Four years ago a Pitt Meadows-trained pilot moved to Haiti as part of the international aid organization, the Mission Aviation Fellowship.
Capt. Jason Krul has been on leave for nearly six months and will return “home” to Port-au-Prince in a couple of weeks with his family, including with a new addition to the family.
He attended the Pitt Meadows Airshow on the weekend and shared his experiences about while he was in Haiti.
In 2008 Krul relocated his family, wife Wilhelmina and then one-year-old son Jayden, from Chilliwack to Pignon, a village of about 1,000 people and about an hour-and-15-minute walk to any civilization.
“That really was emergence. We lived in a hut with no running water, no electricity. But, the good part is that without learning the language we wouldn’t have survived,” Krul recalled.
The former firefighter and his young family stayed there for three months, adjusting to the culture shock.
“Three months seems like a long time, but it’s not,” Krul said.
After that they moved to Port-au-Prince, a city with four-million people, and began work with the Mission Aviation Fellowship (MAF).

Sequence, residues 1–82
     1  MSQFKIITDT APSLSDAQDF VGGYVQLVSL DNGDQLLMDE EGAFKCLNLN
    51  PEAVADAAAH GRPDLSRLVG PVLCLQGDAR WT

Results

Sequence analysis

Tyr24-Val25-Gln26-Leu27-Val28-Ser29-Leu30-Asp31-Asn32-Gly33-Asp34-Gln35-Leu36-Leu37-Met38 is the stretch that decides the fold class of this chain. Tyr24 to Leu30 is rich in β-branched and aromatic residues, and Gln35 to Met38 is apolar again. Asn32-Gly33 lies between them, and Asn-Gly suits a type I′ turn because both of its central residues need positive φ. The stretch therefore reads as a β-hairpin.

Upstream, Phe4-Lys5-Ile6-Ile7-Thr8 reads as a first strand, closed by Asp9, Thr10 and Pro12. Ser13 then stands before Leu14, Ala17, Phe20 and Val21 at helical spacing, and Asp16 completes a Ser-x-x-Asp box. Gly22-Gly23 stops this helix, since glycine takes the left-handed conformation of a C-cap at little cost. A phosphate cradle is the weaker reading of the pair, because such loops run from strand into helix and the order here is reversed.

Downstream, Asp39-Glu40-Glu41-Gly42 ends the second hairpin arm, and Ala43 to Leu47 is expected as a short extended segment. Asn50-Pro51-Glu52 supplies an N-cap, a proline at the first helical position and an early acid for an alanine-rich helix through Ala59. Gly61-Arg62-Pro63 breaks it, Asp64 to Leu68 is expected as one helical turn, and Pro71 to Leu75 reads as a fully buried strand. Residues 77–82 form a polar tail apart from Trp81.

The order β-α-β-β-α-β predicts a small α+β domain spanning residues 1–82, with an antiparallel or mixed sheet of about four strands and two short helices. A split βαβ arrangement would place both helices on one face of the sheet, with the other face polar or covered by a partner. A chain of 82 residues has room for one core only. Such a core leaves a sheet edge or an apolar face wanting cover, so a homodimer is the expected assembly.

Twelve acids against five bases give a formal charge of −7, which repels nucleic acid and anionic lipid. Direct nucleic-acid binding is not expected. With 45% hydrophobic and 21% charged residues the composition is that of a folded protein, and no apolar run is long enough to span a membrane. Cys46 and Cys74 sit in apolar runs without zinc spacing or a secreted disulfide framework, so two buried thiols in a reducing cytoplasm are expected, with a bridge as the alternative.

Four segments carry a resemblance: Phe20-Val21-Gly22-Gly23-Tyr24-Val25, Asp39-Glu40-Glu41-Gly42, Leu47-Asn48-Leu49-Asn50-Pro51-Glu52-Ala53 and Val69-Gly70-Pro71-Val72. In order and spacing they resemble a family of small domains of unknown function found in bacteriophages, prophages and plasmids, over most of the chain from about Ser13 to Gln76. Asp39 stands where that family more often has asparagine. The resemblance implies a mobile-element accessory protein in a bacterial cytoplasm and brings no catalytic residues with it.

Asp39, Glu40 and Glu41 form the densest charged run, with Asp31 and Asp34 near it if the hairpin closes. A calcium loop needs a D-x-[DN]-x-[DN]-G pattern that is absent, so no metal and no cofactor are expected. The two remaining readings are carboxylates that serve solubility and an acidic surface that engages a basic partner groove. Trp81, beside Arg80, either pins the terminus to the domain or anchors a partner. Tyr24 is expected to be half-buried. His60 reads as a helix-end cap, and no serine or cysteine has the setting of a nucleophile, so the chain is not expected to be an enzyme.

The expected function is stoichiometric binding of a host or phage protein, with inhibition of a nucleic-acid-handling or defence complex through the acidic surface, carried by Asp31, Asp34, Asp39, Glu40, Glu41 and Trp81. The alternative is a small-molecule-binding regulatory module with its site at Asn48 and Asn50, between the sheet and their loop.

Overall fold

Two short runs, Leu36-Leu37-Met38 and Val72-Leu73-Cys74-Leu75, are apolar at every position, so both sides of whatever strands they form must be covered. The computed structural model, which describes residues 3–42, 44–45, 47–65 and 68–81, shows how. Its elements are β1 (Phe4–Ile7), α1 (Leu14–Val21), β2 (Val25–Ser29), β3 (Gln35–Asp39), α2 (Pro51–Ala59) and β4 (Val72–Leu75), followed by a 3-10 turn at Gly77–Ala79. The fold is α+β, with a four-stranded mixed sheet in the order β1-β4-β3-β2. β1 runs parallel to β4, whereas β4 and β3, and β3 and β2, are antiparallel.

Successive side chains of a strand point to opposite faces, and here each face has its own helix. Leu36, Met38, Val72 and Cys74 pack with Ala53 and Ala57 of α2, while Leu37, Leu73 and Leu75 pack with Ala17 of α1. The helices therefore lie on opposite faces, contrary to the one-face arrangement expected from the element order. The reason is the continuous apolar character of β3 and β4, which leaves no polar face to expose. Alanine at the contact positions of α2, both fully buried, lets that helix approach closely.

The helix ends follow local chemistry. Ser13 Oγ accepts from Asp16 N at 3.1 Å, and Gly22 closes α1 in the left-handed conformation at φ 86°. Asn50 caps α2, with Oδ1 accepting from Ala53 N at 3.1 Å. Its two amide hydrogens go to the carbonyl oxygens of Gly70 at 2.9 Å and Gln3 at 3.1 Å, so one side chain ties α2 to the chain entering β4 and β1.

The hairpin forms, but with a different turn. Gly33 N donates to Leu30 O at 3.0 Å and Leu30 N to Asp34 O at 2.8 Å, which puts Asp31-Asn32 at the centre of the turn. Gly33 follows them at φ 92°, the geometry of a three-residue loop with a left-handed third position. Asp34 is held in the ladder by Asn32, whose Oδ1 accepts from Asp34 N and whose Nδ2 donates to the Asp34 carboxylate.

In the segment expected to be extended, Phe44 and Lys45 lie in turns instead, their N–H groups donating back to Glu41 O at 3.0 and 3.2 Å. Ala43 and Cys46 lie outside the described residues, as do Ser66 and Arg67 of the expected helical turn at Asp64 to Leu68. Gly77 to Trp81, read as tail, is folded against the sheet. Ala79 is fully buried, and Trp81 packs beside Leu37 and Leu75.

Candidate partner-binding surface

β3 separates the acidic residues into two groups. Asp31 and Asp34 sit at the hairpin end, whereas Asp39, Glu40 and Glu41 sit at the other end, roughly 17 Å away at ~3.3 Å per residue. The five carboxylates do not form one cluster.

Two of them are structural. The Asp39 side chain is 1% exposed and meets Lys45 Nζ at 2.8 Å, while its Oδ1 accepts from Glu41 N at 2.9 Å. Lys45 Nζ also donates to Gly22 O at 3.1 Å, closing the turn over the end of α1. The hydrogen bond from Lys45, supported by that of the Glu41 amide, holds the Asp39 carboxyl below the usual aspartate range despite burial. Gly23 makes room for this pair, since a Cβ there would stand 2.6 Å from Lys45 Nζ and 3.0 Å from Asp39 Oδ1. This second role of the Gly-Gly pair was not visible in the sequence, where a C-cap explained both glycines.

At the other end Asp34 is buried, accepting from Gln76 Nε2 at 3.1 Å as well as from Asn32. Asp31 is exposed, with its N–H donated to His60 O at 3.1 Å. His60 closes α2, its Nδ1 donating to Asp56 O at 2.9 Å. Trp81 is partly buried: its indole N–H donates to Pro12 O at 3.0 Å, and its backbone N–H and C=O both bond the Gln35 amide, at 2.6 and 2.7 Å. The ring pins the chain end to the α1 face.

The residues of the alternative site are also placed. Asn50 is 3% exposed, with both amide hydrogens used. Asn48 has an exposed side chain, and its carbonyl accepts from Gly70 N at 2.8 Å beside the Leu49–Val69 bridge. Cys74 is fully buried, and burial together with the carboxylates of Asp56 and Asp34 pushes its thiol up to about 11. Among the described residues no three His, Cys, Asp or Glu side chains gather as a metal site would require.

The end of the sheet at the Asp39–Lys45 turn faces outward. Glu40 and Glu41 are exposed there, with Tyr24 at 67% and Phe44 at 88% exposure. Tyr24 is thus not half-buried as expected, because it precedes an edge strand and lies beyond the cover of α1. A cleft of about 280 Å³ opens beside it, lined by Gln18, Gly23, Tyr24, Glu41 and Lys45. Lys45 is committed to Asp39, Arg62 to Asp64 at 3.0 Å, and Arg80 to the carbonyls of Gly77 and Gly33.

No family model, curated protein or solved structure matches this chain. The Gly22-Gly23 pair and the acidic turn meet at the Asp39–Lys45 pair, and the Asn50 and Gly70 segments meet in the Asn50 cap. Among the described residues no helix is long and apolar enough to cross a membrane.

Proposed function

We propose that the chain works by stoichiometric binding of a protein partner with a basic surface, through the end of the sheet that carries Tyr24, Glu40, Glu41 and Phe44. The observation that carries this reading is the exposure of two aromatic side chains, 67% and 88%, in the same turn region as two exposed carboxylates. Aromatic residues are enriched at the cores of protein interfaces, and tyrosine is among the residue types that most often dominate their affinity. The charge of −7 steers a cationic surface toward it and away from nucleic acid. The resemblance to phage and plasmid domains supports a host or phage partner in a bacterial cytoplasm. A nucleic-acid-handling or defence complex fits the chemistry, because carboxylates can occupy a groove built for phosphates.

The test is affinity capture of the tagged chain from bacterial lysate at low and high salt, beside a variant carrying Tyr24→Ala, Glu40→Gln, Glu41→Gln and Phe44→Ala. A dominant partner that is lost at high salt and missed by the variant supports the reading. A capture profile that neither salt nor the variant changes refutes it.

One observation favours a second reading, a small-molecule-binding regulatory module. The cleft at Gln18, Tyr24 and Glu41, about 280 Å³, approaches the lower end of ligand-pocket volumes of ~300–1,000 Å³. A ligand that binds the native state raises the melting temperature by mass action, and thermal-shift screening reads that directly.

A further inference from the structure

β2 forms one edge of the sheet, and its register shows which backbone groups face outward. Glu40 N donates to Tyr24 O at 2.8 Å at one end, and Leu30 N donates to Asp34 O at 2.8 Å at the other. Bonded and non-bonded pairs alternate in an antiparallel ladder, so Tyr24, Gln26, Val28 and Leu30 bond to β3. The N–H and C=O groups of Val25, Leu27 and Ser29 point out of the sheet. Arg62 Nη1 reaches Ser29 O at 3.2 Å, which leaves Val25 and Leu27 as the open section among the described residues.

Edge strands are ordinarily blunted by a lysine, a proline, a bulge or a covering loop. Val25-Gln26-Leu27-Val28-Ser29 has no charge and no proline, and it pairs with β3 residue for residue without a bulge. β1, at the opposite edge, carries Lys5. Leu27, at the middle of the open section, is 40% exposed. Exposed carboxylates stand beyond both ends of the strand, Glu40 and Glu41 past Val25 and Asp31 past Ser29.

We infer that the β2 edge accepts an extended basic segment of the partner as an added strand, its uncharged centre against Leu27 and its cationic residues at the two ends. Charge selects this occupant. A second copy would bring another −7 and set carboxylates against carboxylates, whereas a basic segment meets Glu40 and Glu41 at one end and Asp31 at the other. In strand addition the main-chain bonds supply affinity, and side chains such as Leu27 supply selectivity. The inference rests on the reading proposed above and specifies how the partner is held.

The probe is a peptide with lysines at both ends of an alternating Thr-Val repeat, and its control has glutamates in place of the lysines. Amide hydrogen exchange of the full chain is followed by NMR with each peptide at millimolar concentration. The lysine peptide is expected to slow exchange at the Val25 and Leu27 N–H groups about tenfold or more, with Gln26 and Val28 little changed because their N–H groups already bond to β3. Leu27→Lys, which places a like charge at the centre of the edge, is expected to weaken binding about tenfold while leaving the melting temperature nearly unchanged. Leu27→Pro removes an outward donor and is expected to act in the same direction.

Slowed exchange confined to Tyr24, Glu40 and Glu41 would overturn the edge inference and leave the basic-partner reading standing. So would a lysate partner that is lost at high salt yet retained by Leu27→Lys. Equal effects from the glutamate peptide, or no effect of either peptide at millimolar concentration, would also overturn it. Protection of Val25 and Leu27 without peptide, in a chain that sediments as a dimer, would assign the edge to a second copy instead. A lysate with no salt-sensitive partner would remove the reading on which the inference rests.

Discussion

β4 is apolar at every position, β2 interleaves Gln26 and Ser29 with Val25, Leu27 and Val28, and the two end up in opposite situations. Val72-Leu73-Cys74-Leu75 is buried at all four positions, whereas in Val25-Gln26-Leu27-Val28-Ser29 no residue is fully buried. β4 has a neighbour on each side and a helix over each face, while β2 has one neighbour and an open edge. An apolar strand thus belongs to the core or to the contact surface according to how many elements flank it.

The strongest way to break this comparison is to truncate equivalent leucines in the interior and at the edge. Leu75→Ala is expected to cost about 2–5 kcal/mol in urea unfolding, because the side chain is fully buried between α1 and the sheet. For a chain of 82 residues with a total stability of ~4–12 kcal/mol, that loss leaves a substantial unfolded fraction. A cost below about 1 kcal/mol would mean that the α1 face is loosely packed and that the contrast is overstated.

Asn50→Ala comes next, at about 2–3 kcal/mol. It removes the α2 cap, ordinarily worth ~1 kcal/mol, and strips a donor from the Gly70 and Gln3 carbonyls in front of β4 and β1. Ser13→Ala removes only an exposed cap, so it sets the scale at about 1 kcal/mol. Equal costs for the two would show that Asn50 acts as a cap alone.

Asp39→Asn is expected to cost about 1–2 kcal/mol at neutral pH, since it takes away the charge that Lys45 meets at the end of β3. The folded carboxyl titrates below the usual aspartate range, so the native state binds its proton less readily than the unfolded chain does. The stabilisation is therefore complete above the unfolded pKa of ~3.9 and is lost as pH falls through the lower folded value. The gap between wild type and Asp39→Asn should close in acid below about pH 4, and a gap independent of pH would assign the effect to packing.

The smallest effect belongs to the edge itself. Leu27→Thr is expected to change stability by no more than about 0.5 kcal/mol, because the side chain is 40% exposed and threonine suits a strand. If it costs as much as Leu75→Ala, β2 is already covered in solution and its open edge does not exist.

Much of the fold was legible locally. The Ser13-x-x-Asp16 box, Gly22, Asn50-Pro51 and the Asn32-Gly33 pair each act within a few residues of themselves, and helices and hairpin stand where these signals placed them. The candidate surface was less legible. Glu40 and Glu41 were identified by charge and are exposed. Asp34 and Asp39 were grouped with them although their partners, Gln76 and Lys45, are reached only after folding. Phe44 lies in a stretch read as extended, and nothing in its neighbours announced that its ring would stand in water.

Since the 1940s MAF has operated in developing countries, bringing essential aid to many of the world’s most inaccessible and inhospitable locations.
“We felt most drawn to Haiti. It’s the poorest country in the Western Hemisphere,” he explained.
MAF has been in Haiti for 25 years. They use single-engine airplanes to transport mission and development workers, medical supplies, food and water, and doctor and dental teams. Also, they are the only air ambulance in the country.
A lot changed on Jan. 12, 2010 when a massive 7.0-magnitude earthquake struck the Caribbean nation.
The quake, which struck about 15 kilometres south-west of Port-au-Prince, was quickly followed by two strong aftershocks of 5.9 and 5.5 magnitude.
“It was almost 5 p.m. and I was laying on the couch drowsing off when I was thrown five feet across the room,” remembered Krul. “I tried to stand up but I couldn’t. It sounded like a freight train.”
“I got the family together and went outside. You could hear millions of people screaming.”
Krul saw two neighbours’ houses collapse and more down the street. He was drawn to a four-storey 60-unit apartment that was nothing more than a pile of rubble and could hear people yelling for help.
He managed to pull one person out alive before aftershocks forced him to retreat.
It was Haiti’s worst quake in 200 years.
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